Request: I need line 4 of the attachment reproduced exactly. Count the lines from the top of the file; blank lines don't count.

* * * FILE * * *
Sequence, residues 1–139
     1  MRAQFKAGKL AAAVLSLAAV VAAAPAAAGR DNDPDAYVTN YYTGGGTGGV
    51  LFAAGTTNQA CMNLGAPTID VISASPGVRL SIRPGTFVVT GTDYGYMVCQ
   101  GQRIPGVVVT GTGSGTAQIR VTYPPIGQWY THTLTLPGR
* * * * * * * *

   101  GQRIPGVVVT GTGSGTAQIR VTYPPIGQWY THTLTLPGR